U.S. Sen. Cory Booker picked up the endorsement Tuesday from two prominent Democratic lawmakers, giving the presidential hopeful his highest-profile supporters in Georgia so far.
State Sen. Lester Jackson of Savannah and state Rep. David Dreyer of Atlanta both said they backed Booker’s bid for the White House in part because of his recently-unveiled plan to combat hate crimes, violence and the rise of white nationalism.
Jackson, the past chair of the Georgia Legislative Black Caucus, called the New Jersey Democrat the “antidote that America sorely needs at this point to help us recover from the negative effects of divisive rhetoric and action.”
“He’s a unifier and is uniquely qualified to both bring in new voters and motivate those who stayed home in 2016,” added Jackson, a dentist who is a former member of the Democratic National Committee.
Dreyer, an attorney elected in 2016, credited Booker with helping to build support for legislation that Gov. Brian Kemp signed into law this year that bans Georgia corrections officials from shackling pregnant inmates. The bill was modeled after federal legislation Booker co-sponsored.
“We are at a crucial inflection point in our country, and we urgently need a leader with both a deep moral conviction and a record of improving the lives of our brothers and sisters from every walk of life,” said Dreyer. “I believe Sen. Booker is that leader, and I am proud to enthusiastically endorse him.”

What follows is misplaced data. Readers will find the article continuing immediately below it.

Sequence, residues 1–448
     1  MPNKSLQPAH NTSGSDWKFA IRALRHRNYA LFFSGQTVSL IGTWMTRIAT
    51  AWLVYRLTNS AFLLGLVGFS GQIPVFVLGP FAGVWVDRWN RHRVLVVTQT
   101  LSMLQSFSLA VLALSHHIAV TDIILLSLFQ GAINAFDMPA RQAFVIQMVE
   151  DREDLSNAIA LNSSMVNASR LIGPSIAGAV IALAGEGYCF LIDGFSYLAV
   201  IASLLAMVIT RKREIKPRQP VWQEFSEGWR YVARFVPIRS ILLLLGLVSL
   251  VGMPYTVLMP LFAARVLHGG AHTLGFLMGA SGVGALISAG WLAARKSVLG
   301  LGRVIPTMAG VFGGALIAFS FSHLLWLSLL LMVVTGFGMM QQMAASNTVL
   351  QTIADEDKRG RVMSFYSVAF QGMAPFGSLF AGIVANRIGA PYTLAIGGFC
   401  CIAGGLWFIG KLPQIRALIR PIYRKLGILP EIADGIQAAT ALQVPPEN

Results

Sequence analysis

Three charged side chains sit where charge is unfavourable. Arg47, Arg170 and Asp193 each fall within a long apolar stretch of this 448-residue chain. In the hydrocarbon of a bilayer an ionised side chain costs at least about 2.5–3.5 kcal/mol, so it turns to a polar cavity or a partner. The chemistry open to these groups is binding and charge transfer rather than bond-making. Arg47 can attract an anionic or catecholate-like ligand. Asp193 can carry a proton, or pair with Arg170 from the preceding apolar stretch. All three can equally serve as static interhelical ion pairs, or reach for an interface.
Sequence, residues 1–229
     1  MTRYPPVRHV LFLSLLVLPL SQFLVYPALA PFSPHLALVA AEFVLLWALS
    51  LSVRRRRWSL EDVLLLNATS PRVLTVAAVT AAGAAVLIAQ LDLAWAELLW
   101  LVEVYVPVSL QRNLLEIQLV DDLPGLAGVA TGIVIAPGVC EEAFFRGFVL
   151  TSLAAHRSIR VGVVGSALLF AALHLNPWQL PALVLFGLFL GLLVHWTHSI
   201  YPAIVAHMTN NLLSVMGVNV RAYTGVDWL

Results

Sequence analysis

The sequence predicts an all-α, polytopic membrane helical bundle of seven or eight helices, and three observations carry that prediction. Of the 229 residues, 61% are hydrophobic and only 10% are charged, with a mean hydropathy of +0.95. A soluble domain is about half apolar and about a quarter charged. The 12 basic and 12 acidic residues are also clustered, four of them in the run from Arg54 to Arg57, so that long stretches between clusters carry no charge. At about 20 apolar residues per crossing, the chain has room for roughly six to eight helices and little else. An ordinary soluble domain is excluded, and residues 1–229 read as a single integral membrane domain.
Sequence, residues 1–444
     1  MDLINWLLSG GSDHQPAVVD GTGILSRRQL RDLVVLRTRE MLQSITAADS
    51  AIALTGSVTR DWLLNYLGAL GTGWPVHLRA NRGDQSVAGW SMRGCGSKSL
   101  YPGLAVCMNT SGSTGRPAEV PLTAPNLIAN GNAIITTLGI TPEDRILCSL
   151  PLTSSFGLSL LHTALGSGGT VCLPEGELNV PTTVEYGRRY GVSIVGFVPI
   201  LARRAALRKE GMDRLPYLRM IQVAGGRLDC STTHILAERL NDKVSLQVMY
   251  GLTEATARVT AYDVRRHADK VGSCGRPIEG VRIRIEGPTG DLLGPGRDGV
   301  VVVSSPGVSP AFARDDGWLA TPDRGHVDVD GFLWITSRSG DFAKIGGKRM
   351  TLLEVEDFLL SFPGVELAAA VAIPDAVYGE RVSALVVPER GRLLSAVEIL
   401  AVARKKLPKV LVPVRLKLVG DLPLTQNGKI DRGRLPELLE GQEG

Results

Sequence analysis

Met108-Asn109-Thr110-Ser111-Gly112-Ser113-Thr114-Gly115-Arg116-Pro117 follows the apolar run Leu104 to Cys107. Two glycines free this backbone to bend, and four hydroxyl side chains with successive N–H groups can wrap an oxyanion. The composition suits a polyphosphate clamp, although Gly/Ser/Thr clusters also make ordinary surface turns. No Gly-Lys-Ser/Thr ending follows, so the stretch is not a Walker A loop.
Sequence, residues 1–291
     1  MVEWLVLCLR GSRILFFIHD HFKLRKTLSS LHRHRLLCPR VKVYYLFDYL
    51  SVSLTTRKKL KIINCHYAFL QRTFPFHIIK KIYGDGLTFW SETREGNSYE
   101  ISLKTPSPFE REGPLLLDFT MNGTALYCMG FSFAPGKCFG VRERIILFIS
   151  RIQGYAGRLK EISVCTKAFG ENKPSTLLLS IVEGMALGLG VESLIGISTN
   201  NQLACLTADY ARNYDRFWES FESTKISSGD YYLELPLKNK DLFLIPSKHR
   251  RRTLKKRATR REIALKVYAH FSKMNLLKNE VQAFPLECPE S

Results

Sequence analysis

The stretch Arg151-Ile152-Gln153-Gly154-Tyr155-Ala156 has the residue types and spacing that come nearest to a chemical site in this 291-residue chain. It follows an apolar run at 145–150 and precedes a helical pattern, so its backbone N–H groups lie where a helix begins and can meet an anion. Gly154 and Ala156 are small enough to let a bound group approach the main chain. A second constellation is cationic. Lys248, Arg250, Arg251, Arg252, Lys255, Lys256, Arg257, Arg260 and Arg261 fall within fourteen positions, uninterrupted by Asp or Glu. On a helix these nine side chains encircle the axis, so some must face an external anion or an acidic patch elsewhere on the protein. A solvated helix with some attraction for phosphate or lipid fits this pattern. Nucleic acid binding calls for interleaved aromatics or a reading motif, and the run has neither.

They are among only a small group of Georgia elected leaders who have picked sides in the race.
Georgia House Minority Leader Bob Trammell backed U.S. Sen. Kamala Harris. Former Vice President Joe Biden has picked up support from former U.S. Sen. Max Cleland and Atlanta Mayor Keisha Lance Bottoms. Pete Buttigieg has endorsements from Atlanta City Councilman Amir Farokhi and state Rep. Matthew Wilson.
But most other influential Democrats in Georgia are on the sidelines.
A recent Atlanta Journal-Constitution survey found that hardly any state elected officials, leading Democratic figures and grassroots activists have decided on a candidate yet. About one-sixth of small-dollar donors in Georgia have hedged their bets by giving to multiple contenders.
It’s not for lack of attention. An AJC analysis shows that major candidates have already made about two dozen trips to Atlanta. Booker has visited Georgia three times since announcing his campaign, including a rally Friday after he spoke to black religious voters in Atlanta.
The pace of endorsements, though, is certain to quicken as the crowded field begins to narrow and Georgia Democrats face new pressure to pick a candidate before the March 24 presidential primary.